An exhibition of master drawings and prints by the little-known but gifted Italian artist Pietro Testa opens at the Scottish National Gallery this weekend. Testa (1612–50) was one of the most talented Italian draughtsmen and etchers of the seventeenth century. His prints in particular had an enduring influence and were much admired and imitated by neoclassical artists in the eighteenth century.
Born in the Tuscan city of Lucca, Testa was a difficult and tortured man, beset by melancholy, self-doubt and frustration at the lack of recognition of his talent. He began his training in Rome at the end of the 1620s where he developed his drawing skills by copying classical antiquities. By 1630 Testa had entered the studio of Domenichino, a Baroque painter of the Bolognese School from whom he learned the painstaking method of planning compositions through numerous preparatory studies. On Domenichino’s departure for Naples in 1631, Testa transferred briefly to the workshop of Pietro da Cortona. It was around this time he began making his first etchings.
Testa gained his earliest employment from the collector and antiquarian Cassiano dal Pozzo. He made hundreds of drawings for Dal Pozzo’s ‘Paper Museum’, a highly ambitious project to record and classify all branches of human knowledge and culture, with particular emphases on classical antiquity and natural history; a particularly fine example of these drawings, Two Women in Billowing Robes and a Bull (about 1635) is included in this display. Through Cassiano, Testa met the French painter, Nicolas Poussin, who would become the most important formative influence on his artistic development.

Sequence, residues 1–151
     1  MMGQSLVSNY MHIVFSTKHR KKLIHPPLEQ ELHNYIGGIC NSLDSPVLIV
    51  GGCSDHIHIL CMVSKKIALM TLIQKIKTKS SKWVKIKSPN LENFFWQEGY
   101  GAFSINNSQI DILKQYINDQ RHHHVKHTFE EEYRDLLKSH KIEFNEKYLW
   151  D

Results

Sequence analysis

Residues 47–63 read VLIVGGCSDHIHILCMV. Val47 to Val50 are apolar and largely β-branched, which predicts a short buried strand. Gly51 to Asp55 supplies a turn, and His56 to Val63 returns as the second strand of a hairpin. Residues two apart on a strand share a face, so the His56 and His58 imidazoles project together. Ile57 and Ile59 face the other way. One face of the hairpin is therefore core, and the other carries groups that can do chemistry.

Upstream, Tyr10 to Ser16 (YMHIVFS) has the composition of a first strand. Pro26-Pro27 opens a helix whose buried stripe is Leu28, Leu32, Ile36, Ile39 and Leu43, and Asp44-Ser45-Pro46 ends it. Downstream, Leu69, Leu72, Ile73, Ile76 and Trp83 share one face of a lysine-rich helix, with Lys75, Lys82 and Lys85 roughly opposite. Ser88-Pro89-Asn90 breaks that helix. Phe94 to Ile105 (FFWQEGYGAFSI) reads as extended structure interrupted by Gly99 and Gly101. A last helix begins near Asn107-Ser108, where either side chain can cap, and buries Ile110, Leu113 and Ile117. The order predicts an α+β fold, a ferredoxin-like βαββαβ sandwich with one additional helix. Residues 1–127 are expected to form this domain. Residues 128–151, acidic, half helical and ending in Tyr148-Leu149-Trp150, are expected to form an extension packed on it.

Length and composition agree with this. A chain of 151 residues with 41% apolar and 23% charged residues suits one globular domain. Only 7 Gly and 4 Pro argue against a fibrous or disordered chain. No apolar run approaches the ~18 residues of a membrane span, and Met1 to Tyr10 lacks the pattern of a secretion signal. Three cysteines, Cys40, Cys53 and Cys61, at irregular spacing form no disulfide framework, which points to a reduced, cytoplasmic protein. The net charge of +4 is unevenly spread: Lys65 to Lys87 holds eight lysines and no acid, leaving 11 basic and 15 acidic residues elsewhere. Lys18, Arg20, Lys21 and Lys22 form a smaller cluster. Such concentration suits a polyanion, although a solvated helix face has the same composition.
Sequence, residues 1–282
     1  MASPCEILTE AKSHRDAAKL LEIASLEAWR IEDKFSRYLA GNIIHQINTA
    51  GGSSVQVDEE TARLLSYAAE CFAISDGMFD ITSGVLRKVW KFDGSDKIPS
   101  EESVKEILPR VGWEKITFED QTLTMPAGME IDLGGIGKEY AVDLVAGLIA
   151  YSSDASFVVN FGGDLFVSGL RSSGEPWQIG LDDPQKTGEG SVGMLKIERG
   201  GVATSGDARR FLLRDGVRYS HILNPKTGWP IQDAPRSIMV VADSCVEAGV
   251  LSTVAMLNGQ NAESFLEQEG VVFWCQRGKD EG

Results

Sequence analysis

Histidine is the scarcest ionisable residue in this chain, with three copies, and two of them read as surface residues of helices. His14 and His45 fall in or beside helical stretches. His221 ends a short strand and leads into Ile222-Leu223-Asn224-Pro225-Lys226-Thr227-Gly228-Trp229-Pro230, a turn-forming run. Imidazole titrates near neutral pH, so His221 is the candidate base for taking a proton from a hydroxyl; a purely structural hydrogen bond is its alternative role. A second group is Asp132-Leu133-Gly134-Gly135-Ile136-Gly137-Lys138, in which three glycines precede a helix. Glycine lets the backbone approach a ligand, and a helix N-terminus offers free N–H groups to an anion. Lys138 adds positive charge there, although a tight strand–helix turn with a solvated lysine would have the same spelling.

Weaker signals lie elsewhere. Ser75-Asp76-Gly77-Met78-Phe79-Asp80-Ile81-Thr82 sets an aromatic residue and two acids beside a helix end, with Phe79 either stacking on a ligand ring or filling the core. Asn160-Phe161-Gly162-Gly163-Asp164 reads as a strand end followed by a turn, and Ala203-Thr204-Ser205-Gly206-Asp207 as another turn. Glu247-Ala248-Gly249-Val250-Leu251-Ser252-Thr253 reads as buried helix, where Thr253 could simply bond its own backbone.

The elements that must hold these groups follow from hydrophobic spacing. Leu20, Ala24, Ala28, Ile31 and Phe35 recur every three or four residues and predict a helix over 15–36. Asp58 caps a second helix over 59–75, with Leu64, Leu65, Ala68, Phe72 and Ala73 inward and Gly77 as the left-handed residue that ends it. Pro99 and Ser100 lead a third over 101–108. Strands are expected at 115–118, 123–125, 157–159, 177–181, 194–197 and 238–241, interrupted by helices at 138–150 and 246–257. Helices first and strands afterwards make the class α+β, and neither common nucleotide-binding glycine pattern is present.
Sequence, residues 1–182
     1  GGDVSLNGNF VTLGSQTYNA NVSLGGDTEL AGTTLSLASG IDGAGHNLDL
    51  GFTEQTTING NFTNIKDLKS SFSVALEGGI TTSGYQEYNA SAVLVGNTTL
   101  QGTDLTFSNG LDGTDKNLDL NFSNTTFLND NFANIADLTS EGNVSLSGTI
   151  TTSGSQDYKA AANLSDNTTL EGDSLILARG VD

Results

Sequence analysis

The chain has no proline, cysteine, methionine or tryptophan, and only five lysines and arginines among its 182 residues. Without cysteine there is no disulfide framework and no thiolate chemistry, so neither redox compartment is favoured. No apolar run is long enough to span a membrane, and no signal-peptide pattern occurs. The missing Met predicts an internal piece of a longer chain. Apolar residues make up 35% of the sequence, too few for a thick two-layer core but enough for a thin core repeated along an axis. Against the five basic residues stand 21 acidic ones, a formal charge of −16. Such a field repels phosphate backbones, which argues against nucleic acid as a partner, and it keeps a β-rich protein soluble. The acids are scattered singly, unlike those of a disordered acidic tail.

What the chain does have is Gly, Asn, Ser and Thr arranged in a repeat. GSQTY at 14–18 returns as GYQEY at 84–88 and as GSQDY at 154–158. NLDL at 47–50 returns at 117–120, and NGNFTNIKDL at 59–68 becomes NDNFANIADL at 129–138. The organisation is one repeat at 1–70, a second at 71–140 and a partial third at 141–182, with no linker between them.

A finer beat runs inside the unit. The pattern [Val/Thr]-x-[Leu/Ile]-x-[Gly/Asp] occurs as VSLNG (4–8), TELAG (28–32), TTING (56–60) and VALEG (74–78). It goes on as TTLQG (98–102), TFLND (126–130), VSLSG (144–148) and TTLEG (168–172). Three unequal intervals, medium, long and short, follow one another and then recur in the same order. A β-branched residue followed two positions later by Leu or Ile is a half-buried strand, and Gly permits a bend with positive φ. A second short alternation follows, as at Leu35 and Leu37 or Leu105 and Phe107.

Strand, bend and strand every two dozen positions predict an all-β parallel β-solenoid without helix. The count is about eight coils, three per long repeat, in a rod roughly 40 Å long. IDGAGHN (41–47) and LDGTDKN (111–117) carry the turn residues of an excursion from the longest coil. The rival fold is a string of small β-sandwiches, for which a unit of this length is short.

Testa’s early work focused on poetical themes from classical mythology and the Bible. As his career progressed he selected increasingly complex allegorical and historical subjects which reflected his growing intellectual interests. Testa was much inclined to theoretical speculation and philosophy, particularly on the relationship between artistic theory and practice. On the first of two brief return trips to Lucca in 1632, he gained the patronage of Girolamo Buonvisi, a cleric at the papal court to whom he dedicated several prints and who was the intended dedicatee of his incomplete ‘Treatise on Ideal Painting’.
Testa received a few commissions for altarpieces in Lucca and Rome, but suffered the indignity of having some frescoes he executed in the church of Santa Maria dell’Anima replaced within a few years by an inexperienced northerner. Testa died aged thirty-seven after drowning in the Tiber; the cause was probably suicide.